Wilhelm Tell – Myth or historical fact
BY EVELINA RIOUKHINA
I started my journey through the history of Switzerland from far away – from the legend that brought me back almost seven thousand years, to the possible Swiss roots, the lake-dwellers (a site submitted by Switzerland to UNESCO and included in the World Heritage tentative list.
The journey through history and arts, described in the previous Swiss Pages, led us from the Pax Romana (or almost) to the events of today. There is a need, however, for several stops in this journey to see in detail some events or to look at some personalities, mythic or real, that made Swiss history. This Swiss page, this time, is about one such person and it concerns the history of one of the most crucial periods in the formation of Switzerland, the pact of independence at the end of the 13th century, richly endowed by the story – which may be legend or historical truth – of Wilhelm Tell.
The history – the oath at Grütli
Three men, respectively from the cantons of Schwyz, Uri and Unterwalden – the Waldstätten or forest cantons – met secretly on the plateau of Grütli above the Urner Lake (which is part of the Lake of Lucerne) and pledged that they and their kin would forever help each other against external threats. This was in 1291 and it marks the foundation of the Swiss Federation. The immediate threat came from the House of Habsburg, nominally lords of the region. The interest of the Habsburgs in the Waldstätten, which otherwise had at the time little to tempt avarice, was as so often in Swiss history a line of communication, access to the passes that joined northern and southern Europe, especially the Germanic part of the Holy Roman Empire, to Italy.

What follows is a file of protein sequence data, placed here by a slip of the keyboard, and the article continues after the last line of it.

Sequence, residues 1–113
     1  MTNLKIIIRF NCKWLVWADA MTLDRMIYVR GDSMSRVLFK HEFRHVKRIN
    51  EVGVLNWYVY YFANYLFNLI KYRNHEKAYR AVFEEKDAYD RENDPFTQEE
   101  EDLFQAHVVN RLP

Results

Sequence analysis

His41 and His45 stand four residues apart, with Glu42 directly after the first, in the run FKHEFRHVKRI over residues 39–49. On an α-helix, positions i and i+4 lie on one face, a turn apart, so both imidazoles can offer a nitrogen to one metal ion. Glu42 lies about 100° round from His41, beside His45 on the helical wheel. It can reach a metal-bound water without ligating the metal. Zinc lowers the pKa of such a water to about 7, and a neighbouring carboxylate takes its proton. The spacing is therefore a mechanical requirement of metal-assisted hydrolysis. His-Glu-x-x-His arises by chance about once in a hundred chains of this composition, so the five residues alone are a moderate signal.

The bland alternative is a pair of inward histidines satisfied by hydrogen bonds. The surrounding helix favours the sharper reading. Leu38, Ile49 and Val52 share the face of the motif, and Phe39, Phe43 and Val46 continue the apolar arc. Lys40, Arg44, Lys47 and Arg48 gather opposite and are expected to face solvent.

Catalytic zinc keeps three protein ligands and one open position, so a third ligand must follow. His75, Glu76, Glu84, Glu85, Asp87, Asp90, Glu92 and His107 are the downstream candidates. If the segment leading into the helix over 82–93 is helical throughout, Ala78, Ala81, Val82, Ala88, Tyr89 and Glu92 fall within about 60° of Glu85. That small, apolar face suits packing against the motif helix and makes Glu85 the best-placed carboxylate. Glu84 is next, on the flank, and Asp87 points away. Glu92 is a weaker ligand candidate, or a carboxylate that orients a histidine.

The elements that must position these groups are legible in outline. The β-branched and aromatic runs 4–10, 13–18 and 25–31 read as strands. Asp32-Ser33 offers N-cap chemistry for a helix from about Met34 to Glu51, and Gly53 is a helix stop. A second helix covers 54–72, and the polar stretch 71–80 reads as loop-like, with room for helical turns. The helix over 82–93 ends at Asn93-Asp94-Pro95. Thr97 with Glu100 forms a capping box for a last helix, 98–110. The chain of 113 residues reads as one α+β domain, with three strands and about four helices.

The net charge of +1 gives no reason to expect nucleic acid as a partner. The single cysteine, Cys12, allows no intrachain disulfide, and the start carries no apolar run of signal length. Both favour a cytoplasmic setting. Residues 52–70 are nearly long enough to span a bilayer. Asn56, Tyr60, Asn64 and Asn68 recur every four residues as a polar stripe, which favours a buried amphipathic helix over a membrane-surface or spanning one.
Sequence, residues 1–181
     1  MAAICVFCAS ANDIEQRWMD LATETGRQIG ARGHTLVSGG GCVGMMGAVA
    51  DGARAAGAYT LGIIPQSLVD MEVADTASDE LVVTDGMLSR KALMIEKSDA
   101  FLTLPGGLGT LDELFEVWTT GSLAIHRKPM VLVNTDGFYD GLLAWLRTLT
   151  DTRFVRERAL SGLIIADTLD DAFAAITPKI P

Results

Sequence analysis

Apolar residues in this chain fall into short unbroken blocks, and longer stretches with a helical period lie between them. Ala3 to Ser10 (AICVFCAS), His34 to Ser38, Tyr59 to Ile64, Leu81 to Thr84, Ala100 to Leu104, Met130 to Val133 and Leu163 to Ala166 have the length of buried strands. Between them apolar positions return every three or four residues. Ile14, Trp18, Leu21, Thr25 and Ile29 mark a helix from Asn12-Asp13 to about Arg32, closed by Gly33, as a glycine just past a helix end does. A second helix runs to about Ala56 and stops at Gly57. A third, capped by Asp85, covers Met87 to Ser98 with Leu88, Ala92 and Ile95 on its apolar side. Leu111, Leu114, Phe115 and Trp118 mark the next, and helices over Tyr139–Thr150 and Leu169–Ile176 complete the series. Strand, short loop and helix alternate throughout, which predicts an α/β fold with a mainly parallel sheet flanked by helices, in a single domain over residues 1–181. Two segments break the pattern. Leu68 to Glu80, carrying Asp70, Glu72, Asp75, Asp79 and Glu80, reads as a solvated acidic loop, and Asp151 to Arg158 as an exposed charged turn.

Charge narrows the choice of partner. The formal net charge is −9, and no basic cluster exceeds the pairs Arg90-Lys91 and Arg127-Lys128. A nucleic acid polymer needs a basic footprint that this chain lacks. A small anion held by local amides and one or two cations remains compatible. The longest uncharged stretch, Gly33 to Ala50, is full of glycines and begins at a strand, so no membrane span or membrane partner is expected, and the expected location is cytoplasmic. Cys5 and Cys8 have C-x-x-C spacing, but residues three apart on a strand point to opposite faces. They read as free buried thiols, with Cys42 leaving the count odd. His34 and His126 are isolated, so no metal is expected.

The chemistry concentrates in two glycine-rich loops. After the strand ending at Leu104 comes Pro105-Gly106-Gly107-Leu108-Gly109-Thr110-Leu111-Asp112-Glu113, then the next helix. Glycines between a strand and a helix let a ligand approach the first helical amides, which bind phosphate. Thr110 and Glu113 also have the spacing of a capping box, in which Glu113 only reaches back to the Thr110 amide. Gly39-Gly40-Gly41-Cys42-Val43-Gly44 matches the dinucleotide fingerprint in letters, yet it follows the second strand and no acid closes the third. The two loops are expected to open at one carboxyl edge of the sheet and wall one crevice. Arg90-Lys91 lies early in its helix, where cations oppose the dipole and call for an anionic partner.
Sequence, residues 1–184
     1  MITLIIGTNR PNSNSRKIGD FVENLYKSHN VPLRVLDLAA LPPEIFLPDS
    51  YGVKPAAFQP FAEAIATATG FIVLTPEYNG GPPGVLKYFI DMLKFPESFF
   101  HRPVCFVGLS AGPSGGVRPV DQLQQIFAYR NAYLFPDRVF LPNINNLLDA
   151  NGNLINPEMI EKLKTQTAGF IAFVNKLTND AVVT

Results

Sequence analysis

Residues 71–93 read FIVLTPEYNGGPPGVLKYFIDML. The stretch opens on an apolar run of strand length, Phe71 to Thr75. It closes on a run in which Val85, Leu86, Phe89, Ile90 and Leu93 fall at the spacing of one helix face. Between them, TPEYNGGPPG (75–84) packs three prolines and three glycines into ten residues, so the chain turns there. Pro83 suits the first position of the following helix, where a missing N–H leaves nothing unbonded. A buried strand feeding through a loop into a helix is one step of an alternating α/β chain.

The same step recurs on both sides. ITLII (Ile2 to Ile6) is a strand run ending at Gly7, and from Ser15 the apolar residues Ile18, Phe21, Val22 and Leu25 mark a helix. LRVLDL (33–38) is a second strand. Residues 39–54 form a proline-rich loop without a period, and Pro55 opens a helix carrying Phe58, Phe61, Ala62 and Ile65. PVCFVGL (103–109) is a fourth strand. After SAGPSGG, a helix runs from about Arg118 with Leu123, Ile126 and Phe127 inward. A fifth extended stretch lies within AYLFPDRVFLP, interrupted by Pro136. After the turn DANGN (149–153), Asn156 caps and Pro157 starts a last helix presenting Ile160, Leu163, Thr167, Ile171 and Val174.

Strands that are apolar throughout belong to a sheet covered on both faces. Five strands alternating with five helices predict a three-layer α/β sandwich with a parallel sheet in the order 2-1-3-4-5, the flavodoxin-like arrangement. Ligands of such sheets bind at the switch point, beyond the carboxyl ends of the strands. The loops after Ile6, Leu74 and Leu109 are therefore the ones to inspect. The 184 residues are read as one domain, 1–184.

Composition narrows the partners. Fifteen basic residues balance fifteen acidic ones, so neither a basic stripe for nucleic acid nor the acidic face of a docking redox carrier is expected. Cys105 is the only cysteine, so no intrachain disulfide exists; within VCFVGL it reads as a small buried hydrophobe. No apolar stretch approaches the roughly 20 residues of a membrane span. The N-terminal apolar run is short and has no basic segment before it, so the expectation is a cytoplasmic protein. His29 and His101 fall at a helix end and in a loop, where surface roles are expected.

Access to the St. Gotthardt pass had become an important issue when around 1230 the local population improved the road, used previously mainly by mountain goats and hunters, in that order. Improvement, moreover, is a relative term. A path was suspended on ropes from the sheer cliff face of the Schöllenen gorge through which flowed the River Reuss (until a 65 metre tunnel was cut through the rock in 1701).
Nonetheless, the valleys in Uri, which gave access to the pass became of high strategic importance. The House of Habsburg (which originated in Switzerland, although it was later associated mainly with Austria) already held the northern approach to the St. Gotthardt route from the Rhine to Luzern. Rudolf I of Habsburg now wished to incorporate into his domain the central Swiss valleys south of Luzern so as to complete his control of the pass.
He died in 1291, but within weeks of his death representatives of the communities of Schwyz, Uri and Unterwalden, alarmed by the threat of Habsburg intrusion, met in the field of the Grütli (the location is doubtful) and signed in August 1291 the historic pact whereby its signatories pledged eternal mutual assistance against all enemies and in the process laid the foundation of the Swiss Confederation.